When Mark Hurd resigned unexpectedly from Hewlett-Packard last month he found an outspoken supporter in the form of Oracle CEO Larry Ellison. It appears now that Hurd may end up working for Ellison, according to a report on Saturday in the Wall Street Journal and another in Today's Financial Times..
Hurd is in talks with Oracle to take a top executive position at the company, the Journal reported, citing unnamed sources. It wasn't clear what job he might take but it would not be that of the CEO, since Ellison does not plan to leave that position, the report said.
Such a move could make sense for Oracle, which acquired Sun Microsystems earlier this year and has battled to return its hardware division to a profit. Hurd was known for making HP leaner and more efficient and its profits increased sharply under his watch.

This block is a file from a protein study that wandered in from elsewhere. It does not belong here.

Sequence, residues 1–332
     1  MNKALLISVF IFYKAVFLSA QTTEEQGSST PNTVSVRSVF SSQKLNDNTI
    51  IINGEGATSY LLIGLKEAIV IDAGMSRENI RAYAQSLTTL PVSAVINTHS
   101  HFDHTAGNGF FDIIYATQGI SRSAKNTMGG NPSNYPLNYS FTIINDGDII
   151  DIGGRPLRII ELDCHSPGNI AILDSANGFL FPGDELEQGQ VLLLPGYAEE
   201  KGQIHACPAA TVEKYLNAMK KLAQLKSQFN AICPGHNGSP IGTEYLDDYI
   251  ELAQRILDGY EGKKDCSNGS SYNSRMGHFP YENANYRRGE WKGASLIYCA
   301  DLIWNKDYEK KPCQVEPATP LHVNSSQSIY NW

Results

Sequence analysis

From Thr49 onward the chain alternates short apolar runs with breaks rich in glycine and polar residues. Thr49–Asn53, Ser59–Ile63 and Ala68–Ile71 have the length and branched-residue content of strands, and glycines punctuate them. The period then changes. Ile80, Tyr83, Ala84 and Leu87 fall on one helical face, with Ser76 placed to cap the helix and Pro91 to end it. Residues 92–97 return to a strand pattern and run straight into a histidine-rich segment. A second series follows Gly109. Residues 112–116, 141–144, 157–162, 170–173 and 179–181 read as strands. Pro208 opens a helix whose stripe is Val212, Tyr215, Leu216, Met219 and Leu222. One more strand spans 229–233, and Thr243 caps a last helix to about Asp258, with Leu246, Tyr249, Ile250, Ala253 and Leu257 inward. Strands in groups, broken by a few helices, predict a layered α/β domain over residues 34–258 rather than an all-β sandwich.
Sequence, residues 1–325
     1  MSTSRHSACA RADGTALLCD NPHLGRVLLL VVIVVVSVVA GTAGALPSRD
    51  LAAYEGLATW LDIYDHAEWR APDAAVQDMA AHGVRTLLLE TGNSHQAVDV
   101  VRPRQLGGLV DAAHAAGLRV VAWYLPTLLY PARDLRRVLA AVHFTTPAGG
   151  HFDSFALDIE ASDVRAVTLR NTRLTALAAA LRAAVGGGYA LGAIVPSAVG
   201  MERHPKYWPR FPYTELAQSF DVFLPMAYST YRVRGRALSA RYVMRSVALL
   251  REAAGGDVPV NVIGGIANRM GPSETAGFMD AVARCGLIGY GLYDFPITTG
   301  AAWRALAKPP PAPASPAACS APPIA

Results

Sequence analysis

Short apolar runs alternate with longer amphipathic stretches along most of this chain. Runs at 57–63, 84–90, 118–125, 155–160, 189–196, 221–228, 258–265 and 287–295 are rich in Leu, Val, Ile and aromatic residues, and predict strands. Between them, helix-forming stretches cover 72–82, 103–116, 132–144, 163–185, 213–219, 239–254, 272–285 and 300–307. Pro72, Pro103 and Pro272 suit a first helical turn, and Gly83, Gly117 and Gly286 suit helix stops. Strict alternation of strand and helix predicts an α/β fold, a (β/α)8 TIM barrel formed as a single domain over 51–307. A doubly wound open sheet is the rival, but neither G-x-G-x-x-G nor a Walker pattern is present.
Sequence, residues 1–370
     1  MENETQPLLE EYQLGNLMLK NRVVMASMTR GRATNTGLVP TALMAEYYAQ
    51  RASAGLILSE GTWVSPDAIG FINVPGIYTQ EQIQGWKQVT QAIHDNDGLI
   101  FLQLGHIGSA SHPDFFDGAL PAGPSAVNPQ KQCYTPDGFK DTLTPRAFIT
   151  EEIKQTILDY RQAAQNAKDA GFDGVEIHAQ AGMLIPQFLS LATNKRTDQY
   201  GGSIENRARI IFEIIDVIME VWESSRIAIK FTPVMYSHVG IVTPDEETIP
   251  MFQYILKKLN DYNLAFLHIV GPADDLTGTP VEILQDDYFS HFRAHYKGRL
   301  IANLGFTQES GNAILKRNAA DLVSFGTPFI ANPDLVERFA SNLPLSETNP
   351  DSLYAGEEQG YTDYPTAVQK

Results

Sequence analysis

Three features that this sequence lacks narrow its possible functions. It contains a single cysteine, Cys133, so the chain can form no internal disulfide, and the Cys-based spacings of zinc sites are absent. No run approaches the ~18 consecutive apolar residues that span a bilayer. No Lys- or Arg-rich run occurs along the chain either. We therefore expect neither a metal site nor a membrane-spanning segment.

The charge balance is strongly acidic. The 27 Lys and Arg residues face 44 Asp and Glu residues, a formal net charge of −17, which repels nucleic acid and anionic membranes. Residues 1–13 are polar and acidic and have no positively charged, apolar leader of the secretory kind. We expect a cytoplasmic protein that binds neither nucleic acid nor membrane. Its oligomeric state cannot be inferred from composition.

The Journal cautioned that the talks with Hurd could fall through and that it's possible no agreement will be reached.
Oracle could not be reached for comment on Sunday and a spokesman for Hurd said he declined to comment.
Hurd resigned suddenly from HP on 6August following a complaint of sexual harassment by an outside contractor. An investigation found no violation of its harassment policy but faulted Hurd for failing to disclose a relationship with the contractor and for falsified expense reports.
Soon after the resignation, Ellison blasted HP's board for what he called "cowardly corporate political correctness." In an e-mail to the New York Times, he said HP had made "the worst personnel decision since the idiots on the Apple board fired Steve Jobs many years ago."
The reports about Hurd and Oracle follow speculation last week that one of Oracle's co-presidents, Charles Phillips, could be close to leaving the company. Financial analyst firm Wedge Partners learned that Phillips was no longer running Oracle's global product groups and said it was a sign his tenure there could be coming to an end.
Oracle confirmed the change in Phillip's duties but said there was no truth to the report that he may be leaving the company.
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